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Cancer and Metastasis Reviews

, Volume 35, Issue 2, pp 151–163 | Cite as

The roles and therapeutic potential of cyclin-dependent kinases (CDKs) in sarcoma

  • Yunfei Liao
  • Yong Feng
  • Jacson Shen
  • Francis J. Hornicek
  • Zhenfeng Duan
NON-THEMATIC REVIEW

Abstract

Uncontrolled proliferation and cell growth is the hallmark of many different malignant diseases, including sarcomas. Cyclin-dependent kinases (CDKs) are members of the serine/threonine protein kinase family and play crucial roles in tumor cell proliferation and growth by controlling cell cycle, transcription, and RNA splicing. In addition, several CDKs influence multiple targets and phosphorylate transcription factors involved in tumorigenesis. There are many examples linking dysregulated activation and expression of CDKs to tumors, and targeting CDKs in tumor cells has become a promising therapeutic strategy. More recently, the Food and Drug Administration (FDA) has approved the CDK4/6 inhibitor palbociclib for treating metastatic breast cancer. In sarcomas, high levels of CDK mRNA and protein expression have been found in most human sarcoma cells and patient tissues. Many studies have demonstrated consistent results in which inhibition of different CDKs decrease sarcoma cell growth and induce apoptosis. Therefore, CDKs comprise an attractive set of targets for novel anti-sarcoma drug development. In this review, we discuss the roles of different members of CDKs in various sarcomas and provide a pre-clinical overview of promising therapeutic potentials of targeting CDKs with a special emphasis on sarcoma.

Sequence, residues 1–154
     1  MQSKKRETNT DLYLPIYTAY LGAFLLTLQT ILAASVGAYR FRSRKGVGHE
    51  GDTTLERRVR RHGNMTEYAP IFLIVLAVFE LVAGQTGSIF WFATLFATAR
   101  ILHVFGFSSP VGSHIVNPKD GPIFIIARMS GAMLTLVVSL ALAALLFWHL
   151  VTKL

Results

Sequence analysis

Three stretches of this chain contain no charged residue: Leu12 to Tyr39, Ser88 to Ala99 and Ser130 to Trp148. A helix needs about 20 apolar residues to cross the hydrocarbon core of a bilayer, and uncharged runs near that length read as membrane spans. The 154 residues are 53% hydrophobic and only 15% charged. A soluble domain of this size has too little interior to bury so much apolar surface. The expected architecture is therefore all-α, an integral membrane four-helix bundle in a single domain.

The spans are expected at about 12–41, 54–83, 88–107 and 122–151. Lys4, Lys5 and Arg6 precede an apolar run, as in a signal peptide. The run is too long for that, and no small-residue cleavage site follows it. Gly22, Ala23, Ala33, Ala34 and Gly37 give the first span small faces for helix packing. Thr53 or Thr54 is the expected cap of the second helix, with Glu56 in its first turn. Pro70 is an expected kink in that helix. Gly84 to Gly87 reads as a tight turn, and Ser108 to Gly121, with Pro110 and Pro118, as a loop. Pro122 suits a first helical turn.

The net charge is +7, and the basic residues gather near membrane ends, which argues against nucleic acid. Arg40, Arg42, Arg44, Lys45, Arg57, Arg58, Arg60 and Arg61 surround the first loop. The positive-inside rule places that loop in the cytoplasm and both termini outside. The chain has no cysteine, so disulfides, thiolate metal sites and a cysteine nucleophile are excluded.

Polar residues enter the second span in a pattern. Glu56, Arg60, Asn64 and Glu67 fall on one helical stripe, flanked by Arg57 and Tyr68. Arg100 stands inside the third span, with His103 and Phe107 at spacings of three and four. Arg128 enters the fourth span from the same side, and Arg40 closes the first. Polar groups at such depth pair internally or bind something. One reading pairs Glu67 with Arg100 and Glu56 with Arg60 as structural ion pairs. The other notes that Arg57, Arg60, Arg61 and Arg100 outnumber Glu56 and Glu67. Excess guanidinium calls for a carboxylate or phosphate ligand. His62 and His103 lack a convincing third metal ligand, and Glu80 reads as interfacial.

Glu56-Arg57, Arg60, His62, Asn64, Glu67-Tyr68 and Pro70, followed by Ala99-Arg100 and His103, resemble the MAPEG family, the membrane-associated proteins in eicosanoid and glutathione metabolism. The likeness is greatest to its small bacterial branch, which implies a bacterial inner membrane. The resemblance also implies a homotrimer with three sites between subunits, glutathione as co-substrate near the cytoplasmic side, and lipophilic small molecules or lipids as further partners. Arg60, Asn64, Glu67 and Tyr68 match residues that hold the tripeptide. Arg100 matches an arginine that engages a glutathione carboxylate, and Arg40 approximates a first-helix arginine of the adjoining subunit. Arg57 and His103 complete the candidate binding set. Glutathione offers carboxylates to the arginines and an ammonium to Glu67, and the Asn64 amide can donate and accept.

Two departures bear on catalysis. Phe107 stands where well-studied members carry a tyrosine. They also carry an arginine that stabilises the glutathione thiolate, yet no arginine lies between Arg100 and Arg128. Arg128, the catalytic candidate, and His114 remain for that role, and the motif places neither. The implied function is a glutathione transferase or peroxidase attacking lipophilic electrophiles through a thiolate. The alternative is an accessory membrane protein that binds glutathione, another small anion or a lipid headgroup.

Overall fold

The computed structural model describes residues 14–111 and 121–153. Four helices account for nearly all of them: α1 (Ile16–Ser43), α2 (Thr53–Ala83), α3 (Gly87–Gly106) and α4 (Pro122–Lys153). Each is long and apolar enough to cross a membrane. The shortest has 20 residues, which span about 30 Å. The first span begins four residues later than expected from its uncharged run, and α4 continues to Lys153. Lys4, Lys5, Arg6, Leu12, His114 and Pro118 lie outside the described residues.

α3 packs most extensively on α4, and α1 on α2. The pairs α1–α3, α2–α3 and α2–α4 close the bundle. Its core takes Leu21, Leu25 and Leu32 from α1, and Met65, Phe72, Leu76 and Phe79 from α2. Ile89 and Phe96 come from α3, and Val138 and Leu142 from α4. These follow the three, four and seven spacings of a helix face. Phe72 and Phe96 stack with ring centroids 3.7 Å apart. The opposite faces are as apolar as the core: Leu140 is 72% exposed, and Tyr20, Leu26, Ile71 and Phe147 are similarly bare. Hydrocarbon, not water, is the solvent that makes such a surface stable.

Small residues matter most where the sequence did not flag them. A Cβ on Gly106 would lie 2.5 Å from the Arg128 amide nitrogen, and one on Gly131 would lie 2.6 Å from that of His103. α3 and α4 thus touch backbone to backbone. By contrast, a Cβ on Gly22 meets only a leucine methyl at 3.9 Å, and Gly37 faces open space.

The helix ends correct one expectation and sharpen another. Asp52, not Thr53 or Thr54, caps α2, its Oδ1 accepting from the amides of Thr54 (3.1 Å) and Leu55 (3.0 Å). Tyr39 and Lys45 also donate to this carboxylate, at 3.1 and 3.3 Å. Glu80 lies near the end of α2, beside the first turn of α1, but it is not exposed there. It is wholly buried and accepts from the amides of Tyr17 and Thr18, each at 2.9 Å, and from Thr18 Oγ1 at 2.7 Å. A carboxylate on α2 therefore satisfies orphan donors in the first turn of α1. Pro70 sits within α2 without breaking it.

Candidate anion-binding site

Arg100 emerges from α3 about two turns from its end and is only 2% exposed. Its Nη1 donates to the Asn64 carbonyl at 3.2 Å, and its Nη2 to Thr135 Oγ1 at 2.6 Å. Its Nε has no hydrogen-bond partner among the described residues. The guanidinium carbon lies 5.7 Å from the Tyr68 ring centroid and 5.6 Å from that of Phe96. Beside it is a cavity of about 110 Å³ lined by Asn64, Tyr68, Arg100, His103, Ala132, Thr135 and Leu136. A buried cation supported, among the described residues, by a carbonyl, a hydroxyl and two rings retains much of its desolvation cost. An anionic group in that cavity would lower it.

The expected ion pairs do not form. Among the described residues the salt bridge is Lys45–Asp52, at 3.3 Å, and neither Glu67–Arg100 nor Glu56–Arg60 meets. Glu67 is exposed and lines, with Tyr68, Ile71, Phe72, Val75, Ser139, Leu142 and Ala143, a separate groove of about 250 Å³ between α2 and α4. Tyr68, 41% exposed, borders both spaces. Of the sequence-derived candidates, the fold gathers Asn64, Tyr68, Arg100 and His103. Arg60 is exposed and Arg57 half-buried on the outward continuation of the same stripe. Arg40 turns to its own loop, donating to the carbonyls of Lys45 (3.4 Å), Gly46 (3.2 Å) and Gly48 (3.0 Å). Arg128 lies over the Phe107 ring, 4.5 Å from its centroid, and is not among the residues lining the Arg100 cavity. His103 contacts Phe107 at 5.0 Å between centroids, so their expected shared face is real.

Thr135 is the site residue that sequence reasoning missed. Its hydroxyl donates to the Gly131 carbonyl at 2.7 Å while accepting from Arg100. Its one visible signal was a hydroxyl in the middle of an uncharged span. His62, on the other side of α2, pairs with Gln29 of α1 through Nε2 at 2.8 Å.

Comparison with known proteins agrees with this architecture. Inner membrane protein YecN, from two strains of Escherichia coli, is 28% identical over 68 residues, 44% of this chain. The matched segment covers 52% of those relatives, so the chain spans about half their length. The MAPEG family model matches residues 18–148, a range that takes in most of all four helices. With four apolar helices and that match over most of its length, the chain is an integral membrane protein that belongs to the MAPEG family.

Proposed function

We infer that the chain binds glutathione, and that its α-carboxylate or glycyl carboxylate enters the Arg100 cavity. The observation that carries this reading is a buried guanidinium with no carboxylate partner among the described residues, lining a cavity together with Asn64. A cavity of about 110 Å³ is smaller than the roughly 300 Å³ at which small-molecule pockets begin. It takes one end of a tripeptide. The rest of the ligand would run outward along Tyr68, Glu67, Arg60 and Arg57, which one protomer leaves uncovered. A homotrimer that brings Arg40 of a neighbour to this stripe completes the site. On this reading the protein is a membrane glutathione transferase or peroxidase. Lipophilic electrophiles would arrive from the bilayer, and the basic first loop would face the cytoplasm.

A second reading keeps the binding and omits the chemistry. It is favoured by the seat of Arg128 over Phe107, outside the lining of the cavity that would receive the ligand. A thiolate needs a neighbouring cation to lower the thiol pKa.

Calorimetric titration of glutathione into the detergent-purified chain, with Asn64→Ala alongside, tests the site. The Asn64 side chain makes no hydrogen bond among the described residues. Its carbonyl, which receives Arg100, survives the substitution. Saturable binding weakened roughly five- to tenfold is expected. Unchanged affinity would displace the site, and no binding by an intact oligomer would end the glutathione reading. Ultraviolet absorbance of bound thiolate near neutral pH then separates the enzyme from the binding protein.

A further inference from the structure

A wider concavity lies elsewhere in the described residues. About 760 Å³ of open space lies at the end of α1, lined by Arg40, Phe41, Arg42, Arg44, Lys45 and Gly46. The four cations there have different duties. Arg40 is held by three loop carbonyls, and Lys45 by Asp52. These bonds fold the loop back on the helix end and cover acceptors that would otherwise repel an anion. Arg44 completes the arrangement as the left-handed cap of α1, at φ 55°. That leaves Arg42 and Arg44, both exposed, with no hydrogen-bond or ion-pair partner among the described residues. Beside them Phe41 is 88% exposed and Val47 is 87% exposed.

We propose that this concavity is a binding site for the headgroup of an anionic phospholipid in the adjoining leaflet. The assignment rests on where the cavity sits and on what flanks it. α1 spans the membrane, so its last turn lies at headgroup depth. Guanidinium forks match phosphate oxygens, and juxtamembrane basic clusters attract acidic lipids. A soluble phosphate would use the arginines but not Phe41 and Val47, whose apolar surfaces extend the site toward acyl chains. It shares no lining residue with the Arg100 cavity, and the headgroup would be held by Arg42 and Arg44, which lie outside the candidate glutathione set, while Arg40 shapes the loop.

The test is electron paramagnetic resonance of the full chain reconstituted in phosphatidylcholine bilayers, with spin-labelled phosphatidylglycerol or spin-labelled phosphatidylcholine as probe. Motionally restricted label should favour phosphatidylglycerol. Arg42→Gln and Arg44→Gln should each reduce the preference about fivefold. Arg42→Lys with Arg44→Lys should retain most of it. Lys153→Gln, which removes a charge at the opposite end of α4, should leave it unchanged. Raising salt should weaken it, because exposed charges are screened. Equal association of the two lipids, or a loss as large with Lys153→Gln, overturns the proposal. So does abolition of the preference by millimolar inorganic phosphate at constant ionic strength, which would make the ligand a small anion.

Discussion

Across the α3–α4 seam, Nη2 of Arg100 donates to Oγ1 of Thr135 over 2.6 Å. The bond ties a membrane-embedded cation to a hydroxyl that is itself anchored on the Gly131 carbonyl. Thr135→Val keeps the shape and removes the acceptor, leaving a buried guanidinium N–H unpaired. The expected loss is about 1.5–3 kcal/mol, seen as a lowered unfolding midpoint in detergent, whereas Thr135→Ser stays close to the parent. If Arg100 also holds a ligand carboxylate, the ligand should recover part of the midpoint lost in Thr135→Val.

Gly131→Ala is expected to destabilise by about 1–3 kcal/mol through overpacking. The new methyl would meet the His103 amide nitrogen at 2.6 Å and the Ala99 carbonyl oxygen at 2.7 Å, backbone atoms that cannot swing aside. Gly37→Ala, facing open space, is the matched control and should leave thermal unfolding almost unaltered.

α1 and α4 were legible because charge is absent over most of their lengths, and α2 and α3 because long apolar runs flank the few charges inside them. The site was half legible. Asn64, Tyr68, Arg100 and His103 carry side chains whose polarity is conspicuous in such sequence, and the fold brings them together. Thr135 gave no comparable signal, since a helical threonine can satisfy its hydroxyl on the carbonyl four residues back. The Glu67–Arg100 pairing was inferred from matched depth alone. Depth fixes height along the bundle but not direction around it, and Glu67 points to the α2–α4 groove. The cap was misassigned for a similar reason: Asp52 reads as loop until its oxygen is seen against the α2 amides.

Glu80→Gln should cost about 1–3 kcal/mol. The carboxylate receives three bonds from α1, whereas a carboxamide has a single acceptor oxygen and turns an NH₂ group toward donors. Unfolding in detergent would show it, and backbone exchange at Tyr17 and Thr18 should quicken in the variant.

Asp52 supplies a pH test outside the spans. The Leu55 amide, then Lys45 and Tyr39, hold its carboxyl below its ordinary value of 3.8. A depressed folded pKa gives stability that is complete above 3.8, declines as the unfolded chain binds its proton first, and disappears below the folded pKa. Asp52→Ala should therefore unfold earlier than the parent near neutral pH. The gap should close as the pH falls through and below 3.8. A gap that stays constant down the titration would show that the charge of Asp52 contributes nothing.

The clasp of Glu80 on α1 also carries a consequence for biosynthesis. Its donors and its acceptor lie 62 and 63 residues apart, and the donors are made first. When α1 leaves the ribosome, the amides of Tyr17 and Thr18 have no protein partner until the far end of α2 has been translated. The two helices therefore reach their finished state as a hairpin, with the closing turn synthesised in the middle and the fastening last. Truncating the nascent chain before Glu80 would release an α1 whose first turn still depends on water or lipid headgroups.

Keywords

Cyclin-dependent kinase Sarcoma Kinase inhibitor Targeted therapy 

Notes

Acknowledgments

This work was supported, in part, by the Gattegno and Wechsler funds, and the Kenneth Stanton Fund. Dr. Duan is supported, in part, through a grant from the Sarcoma Foundation of America (SFA); a grant from the National Cancer Institute (NCI)/National Institutes of Health (NIH), UO1, CA 151452–01; a pilot grant from Sarcoma SPORE/NIH; and a grant from an Academic Enrichment Fund of MGH Orthopaedics.

Compliance with ethical standards

Disclosure of potential conflicts of interest

No potential conflicts of interest were disclosed.

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Copyright information

© Springer Science+Business Media New York 2015

Authors and Affiliations

  • Yunfei Liao
    • 1
    • 2
  • Yong Feng
    • 1
    • 2
  • Jacson Shen
    • 1
  • Francis J. Hornicek
    • 1
  • Zhenfeng Duan
    • 1
  1. 1.Department of Orthopaedic Surgery, Sarcoma Biology LaboratoryMassachusetts General Hospital and Harvard Medical SchoolBostonUSA
  2. 2.Wuhan Union Hospital, Tongji Medical CollegeHuazhong University of Science and TechnologyWuhanChina

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